An exciting opportunity occurred in 1965 when Professor Vern E. Soumi of the University of Wisconsin pressured Hughes and NASA into putting an imaging camera on the Applications Technology Satellite (ATS), which Hughes was developing. This satellite was a spinner and was primarily designed to test communications equipment. Since Hughes engineers did not want a stringent specification on the wobble of the satellite, they had told NASA that they would not guarantee better than one degree stability. Soumi argued that this spinning ‘top’ would not wobble at all and finally some Hughes engineers agreed. By now there was little time to develop the camera and Hughes, as the spacecraft developer, was contractually constrained from supplying instruments to the program. Since NASA and everyone involved wanted this instrument flown, it was decided that SBRC as a subsidiary was not covered by the contract restriction and could design and build the camera.
SSBRC got started on company money and built a ‘brassboard’ (working but not flyable) model. Since this concept appeared o have commercial potential a patent was applied for. NASA contested the patent on the grounds that the idea was not reduced to practice because it called for a space instrument which had not been flown. When it was flown, NASA supplied the booster and claimed rights to he invention. After a long dispute, NASA prevailed.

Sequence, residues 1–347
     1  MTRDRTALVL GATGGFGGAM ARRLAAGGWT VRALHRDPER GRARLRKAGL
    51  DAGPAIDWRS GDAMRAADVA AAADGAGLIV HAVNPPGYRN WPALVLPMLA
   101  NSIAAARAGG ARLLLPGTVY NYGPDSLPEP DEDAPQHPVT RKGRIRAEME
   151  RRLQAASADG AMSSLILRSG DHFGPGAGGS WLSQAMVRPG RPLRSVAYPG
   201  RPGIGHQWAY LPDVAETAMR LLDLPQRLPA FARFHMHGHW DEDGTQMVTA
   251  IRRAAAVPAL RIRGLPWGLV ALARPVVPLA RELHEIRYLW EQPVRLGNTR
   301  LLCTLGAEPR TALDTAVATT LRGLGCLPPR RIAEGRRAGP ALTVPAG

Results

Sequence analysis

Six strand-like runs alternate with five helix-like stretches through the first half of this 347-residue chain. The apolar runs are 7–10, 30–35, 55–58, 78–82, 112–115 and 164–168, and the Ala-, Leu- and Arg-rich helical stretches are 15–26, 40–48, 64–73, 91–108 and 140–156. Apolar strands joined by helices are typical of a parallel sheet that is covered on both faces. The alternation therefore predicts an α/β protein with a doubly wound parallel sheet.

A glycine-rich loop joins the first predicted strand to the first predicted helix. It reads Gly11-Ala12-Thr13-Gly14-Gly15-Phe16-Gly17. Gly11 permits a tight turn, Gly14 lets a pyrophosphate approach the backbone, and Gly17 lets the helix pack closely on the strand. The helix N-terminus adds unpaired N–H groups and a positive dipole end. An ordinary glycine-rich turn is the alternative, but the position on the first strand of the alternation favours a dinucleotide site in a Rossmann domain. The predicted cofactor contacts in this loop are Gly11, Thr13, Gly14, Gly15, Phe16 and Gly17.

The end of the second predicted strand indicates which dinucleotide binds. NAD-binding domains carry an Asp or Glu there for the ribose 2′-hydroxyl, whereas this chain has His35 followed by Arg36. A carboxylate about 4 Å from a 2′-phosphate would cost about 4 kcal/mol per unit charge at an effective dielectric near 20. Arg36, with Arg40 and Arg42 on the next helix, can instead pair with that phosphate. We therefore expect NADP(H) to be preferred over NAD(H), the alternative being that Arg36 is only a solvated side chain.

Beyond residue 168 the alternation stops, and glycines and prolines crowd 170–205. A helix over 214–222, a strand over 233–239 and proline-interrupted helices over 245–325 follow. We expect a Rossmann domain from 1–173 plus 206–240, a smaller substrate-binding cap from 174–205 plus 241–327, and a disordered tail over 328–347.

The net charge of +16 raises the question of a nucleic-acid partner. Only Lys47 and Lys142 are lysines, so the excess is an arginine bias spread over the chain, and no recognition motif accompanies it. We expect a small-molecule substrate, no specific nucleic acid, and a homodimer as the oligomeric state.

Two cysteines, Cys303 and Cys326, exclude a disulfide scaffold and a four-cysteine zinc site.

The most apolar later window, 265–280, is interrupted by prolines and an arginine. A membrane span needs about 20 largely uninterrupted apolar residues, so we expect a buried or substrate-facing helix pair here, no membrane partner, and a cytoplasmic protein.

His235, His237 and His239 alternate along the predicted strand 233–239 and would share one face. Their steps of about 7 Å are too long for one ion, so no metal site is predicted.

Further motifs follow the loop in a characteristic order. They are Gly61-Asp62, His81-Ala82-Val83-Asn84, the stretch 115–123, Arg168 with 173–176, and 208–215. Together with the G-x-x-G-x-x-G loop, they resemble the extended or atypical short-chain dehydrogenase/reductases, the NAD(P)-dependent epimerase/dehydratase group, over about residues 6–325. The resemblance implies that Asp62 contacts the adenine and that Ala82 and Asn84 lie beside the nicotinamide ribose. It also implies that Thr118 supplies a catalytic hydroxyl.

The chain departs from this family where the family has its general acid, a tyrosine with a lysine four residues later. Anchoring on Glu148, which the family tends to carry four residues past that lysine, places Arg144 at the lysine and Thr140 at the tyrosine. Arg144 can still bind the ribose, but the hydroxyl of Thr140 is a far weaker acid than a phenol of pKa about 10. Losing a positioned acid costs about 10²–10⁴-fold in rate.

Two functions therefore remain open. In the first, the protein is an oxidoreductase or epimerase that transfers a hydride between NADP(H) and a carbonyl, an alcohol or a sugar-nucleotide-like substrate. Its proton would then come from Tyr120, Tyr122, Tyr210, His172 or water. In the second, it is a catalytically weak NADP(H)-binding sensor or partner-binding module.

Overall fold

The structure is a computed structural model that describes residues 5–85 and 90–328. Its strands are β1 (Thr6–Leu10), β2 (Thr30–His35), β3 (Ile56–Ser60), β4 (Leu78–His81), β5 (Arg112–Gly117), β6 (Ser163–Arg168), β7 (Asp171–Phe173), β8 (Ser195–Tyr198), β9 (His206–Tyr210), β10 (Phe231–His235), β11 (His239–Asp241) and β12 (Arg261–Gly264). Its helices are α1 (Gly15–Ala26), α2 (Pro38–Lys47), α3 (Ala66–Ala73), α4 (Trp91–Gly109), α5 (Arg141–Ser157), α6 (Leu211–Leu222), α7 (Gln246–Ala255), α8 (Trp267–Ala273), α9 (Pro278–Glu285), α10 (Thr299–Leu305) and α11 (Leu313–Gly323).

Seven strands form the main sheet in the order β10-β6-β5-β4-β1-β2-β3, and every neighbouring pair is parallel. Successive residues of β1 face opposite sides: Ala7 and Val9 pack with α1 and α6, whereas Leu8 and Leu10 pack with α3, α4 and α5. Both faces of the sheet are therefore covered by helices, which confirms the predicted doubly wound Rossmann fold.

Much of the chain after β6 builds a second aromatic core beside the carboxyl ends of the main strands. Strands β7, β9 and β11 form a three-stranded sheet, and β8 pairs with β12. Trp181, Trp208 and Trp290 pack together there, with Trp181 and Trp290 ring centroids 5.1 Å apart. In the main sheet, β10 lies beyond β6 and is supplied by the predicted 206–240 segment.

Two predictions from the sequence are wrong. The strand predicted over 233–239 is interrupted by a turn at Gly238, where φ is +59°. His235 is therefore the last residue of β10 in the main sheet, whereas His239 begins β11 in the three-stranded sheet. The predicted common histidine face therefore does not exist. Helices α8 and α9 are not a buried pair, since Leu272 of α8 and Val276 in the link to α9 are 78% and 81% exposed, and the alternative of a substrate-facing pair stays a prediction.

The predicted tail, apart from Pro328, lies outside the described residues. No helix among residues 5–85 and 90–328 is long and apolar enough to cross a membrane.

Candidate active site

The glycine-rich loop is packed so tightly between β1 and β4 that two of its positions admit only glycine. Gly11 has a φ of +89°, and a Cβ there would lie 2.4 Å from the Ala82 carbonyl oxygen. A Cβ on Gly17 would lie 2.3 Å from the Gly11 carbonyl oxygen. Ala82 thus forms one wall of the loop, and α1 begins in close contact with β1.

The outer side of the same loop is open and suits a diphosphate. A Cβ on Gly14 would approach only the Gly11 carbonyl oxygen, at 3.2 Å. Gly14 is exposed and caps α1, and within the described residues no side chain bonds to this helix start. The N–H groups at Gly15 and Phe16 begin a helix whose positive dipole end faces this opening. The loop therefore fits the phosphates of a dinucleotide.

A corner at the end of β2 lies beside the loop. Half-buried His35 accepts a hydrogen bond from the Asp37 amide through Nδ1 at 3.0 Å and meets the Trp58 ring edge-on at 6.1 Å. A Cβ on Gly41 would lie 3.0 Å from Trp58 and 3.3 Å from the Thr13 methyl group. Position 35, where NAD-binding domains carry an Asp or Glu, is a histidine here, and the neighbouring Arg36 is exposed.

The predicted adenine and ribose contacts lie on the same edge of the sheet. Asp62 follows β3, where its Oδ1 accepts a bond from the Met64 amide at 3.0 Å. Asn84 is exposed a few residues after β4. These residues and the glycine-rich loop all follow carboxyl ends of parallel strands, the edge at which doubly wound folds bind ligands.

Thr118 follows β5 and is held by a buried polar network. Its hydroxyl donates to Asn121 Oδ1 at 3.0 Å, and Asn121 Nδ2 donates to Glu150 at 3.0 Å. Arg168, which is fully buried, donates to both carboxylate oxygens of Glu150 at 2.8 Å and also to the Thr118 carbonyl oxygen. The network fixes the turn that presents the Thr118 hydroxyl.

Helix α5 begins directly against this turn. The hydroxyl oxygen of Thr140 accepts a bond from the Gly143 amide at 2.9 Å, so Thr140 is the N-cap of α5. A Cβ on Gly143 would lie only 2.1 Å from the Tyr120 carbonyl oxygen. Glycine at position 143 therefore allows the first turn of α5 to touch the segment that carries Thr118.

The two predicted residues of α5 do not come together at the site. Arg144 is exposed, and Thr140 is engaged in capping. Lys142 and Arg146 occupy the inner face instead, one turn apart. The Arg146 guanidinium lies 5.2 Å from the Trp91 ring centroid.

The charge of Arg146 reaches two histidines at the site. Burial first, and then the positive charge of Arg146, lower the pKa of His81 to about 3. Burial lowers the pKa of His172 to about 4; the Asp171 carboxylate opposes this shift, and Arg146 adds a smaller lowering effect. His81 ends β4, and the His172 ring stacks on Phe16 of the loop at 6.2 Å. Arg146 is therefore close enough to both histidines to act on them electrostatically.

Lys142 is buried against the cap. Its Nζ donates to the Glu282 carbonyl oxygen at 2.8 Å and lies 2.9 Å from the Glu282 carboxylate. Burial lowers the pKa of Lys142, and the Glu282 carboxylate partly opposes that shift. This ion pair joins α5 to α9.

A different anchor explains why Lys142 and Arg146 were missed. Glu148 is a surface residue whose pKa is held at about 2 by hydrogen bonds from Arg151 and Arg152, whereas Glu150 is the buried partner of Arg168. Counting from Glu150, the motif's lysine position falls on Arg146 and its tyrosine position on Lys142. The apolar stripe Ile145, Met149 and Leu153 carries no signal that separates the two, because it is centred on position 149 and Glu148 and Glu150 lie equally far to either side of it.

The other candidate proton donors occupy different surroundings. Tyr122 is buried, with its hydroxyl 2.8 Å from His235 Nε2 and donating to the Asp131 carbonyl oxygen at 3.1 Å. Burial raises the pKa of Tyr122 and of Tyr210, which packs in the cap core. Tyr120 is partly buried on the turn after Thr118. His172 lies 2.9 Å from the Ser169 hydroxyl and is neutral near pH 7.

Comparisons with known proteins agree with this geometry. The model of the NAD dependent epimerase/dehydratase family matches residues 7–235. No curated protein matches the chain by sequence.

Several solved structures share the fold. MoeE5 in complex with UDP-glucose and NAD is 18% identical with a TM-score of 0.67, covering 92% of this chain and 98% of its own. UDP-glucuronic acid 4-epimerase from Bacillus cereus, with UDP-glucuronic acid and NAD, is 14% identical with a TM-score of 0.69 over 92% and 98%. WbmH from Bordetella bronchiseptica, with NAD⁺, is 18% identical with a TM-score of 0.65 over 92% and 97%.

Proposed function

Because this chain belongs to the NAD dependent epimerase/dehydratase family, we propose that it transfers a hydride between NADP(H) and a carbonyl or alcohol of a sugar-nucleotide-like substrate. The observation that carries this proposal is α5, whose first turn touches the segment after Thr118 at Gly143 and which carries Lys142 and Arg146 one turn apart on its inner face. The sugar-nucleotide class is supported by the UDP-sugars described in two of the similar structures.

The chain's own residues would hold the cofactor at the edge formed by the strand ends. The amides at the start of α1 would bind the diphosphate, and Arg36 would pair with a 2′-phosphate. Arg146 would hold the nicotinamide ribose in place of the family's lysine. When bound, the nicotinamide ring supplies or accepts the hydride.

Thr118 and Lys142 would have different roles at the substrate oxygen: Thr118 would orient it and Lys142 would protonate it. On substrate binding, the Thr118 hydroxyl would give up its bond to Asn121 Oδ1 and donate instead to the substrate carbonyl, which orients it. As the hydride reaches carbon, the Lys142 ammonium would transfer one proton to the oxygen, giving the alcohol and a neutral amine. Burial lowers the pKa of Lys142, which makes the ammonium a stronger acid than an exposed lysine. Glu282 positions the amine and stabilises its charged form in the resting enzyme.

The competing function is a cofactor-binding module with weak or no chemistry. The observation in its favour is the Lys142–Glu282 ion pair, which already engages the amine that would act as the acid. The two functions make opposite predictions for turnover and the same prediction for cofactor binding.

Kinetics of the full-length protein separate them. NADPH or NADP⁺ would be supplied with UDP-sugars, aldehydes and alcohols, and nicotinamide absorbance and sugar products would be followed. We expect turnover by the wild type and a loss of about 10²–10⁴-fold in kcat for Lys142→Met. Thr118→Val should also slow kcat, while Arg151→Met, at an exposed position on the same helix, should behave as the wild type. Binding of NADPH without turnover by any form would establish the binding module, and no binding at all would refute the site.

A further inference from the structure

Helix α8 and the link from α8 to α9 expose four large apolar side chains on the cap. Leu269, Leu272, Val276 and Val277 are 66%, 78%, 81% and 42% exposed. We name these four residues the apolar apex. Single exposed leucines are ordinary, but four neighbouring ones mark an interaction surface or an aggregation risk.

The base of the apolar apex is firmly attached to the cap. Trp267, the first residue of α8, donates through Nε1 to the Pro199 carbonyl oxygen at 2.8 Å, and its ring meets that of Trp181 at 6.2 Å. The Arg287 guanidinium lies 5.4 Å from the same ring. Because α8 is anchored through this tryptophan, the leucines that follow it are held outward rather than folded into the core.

Another problem occurred because there was no time to get a contract from NASA, so SBRC took its first fixed price space sensor contract from the University of Wisconsin. This subcontract was University of Wisconsin Contract #1 and was signed by the Governor of the state. The Spin-Scan Cloud Camera was then designed and built in six months from receipt of contract under the able direction of Roger Thomsen. The contract had a one page specification, quality provisions calling for space qualified parts, if available, and other equally vague requirements. This camera used a telescope with a photomultiplier tube detector which was moved in a north-south direction one line at each spin of the satellite to give 2,000 lines across the earth. Since the orbit was synchronous the same portion of the earth disk was viewed every twenty minutes and cloud movements could be traced.
The first unit was delivered in early 1966, but would fit only into the spacecraft upside down! Due to a misunderstanding of the drawings the camera would have scanned from south-to-north. Roger quickly recovered and reversed the polarity of the electrical connections to the scanner, which ran the scan backwards and restored the proper direction of scan from north-to-south. Launch took place in December 1966 and everything worked perfectly.
In late 1966 SBRC received University of Wisconsin Contract #2 for a three color Spin-Scan Cloud Camera for ATS 3. Delivery occurred in early 1967 and launch was successful in November 1967. Although all colors operated for several weeks, one of the colors began to operate sporadically. The camera provided useful pictures for nine years until the ATS 3 satellite was retired after the successful deployment of SMS-1, which carried a later version called VISSR.